Making the connection – with flight schedules vastly altered one Middle East carrier is revising its fleet structure and a major European hub is using technology to ensure travellers make their transfer
The current Covid-19 crisis has forced changes in traveller habits and the industry is continuing to adjust to the situation. There has been a move to later booking, corporate travel remains weak and very varied between markets and we have the unknown factor of traveller sentiment that is shifting regularly as the virus continues to infect at will.
Destinations that were safe to travel one day can quickly see case spikes the next and start to appear in the cross hairs of public health experts and government departments and feel the force of more stringent travel restrictions such as enforced quarantine requirements. As such, just travelling from A to B can be a minefield, but travelling from A to B via C adds a further complexity as travel risk weight heavily on the decision-making process.
Many believe that travellers may feel more confident flying point-to-point and hub airports could see a reduced demand. It is certainly fair to say that travellers will take time to return to past behaviours. Emirates Airline, one of the largest to rely on transfer passengers facilitated via its Dubai International Airport hub is already suggesting these behaviours will influence its own model, one that has relied on filling large capacity aircraft.
Demand is already diluted by the travel restrictions imposed by national governments to contain the coronavirus spread. But it is clear that while these have generally been successful in reducing exposure there remains a long-term risk until a vaccine is developed, and that could still be around a year away. Whether it is a second spike or a wider second wave, Covid-19 cases are on the rise in many countries. This time though the world is ready and better prepared for the impact.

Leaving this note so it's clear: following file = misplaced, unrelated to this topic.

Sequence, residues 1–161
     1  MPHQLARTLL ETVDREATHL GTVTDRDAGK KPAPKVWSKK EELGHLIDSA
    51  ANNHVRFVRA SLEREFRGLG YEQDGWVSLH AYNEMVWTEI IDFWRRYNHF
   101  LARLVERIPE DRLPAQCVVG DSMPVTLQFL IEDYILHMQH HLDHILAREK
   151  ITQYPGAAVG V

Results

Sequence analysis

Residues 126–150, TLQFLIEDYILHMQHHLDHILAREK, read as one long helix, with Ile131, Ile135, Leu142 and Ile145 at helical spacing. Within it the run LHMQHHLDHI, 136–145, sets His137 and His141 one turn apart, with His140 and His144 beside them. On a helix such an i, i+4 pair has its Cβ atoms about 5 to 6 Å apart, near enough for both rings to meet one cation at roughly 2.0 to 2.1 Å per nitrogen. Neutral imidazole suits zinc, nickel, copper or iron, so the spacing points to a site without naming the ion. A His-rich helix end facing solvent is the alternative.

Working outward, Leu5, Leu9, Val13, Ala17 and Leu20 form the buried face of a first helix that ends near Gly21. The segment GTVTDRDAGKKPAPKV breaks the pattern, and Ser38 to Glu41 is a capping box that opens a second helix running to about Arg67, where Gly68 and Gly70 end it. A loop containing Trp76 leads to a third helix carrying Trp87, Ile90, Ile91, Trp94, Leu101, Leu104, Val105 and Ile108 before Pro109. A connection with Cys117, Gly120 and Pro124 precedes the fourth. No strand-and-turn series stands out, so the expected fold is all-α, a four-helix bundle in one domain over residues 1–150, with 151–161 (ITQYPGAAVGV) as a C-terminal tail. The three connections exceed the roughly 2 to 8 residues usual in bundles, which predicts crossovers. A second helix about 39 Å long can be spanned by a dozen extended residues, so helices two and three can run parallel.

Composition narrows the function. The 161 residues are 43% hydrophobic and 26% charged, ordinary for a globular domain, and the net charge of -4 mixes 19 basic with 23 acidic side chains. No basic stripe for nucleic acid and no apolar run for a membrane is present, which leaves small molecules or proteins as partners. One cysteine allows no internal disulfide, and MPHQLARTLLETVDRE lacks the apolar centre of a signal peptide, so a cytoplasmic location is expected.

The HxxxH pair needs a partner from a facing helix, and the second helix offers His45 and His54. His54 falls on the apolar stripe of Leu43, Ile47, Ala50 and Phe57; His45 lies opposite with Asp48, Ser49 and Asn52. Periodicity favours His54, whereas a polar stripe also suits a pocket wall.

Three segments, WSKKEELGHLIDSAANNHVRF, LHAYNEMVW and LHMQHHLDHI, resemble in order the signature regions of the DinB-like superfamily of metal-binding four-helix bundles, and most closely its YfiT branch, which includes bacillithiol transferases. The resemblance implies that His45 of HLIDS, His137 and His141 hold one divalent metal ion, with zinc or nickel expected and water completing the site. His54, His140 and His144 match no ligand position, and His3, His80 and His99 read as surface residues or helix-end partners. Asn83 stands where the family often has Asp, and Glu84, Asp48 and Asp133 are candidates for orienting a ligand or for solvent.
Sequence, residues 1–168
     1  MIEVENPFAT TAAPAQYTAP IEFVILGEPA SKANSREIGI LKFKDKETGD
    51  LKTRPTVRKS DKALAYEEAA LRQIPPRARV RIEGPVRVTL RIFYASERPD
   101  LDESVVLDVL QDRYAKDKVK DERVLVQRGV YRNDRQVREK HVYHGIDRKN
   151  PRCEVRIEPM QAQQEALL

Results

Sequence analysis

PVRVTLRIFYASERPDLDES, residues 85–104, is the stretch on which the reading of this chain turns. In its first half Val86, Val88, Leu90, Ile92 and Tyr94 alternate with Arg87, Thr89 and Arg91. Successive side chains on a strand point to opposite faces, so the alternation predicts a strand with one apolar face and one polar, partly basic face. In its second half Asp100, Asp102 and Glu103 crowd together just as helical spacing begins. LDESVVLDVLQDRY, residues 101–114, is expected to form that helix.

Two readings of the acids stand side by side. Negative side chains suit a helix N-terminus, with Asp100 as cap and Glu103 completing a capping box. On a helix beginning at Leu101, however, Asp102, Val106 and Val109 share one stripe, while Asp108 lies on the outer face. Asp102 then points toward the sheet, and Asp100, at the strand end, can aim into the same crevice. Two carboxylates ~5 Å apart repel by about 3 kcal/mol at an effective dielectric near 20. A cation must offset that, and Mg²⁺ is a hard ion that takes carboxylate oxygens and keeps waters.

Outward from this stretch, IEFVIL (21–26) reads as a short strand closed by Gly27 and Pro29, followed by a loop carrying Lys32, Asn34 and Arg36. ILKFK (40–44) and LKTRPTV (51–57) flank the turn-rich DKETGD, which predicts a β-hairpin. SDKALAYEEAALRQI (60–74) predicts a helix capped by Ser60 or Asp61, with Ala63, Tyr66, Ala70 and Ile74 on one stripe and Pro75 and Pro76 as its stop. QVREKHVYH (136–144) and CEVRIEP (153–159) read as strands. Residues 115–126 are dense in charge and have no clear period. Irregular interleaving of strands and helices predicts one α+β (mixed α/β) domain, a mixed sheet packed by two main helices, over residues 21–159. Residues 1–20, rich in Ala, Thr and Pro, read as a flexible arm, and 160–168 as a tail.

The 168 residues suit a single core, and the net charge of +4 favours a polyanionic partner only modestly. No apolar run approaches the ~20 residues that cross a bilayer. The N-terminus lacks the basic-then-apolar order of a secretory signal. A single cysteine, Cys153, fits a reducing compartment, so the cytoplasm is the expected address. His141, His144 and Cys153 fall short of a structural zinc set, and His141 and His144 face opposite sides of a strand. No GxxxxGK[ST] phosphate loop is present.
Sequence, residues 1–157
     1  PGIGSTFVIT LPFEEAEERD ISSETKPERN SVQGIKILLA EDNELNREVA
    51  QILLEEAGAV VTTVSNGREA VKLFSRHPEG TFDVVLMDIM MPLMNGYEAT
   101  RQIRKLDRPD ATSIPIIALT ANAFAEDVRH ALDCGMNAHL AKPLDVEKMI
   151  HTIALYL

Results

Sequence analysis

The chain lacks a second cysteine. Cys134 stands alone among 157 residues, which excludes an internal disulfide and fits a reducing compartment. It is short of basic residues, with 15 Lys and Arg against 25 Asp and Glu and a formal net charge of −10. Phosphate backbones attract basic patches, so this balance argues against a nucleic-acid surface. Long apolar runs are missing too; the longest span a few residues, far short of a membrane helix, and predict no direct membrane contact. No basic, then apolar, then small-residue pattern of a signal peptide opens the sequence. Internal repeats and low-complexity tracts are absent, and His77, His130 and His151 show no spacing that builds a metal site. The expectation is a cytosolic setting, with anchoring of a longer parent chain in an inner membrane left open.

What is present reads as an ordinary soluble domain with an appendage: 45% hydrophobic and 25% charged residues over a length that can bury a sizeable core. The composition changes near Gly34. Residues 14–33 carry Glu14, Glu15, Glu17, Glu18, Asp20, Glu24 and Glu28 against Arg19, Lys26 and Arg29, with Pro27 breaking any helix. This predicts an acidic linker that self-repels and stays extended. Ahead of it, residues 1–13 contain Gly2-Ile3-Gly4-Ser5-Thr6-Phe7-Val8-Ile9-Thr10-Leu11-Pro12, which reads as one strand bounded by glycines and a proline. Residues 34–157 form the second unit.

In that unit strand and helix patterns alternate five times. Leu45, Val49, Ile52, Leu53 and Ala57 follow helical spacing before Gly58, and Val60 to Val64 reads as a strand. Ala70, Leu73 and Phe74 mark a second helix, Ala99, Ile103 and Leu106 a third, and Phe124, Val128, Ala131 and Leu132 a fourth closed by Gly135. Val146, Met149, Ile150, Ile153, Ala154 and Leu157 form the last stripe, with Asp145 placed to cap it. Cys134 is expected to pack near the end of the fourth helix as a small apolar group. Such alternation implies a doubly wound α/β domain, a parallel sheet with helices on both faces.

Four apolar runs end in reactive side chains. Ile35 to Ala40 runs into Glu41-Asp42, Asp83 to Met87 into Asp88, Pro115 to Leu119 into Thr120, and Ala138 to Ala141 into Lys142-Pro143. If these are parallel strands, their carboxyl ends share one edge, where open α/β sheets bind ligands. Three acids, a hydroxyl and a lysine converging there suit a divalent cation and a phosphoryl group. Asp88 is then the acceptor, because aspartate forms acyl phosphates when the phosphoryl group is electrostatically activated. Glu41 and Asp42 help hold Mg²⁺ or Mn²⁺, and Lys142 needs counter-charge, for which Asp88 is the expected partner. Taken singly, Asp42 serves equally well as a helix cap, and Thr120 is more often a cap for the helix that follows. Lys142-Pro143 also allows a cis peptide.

Emirates Airline has seemingly accepted the changing traveller habits and perhaps extended concerns over how its own model will be impacted in the coming years in its decision to discuss dropping 777-9 commitments in favour of smaller 787-9s with manufacturer, Boeing. On a one-for-one basis this is a reduction of around 130 seats per aircraft.
While we are seeing airlines resume most routes, capacity and frequencies remain below the levels we have seen previously. This is influencing the potential return of business travel, particularly those making a transfer where a missed connection may now mean a one or two hour wait could turn into an overnight stay, potentially even longer.
Amsterdam Schiphol Airport in the Netherlands is attempting to overcome this with its new ‘Short Connection Pass’ which offers travellers with a short connection time the possibility to get through the queues at security and passport control faster. It is not new and many airlines have positioned staff at arriving gates to ensure passengers can make tight connections. But in times when physical interactions need to be limited it is adapting by deploying technology to deliver the solution.
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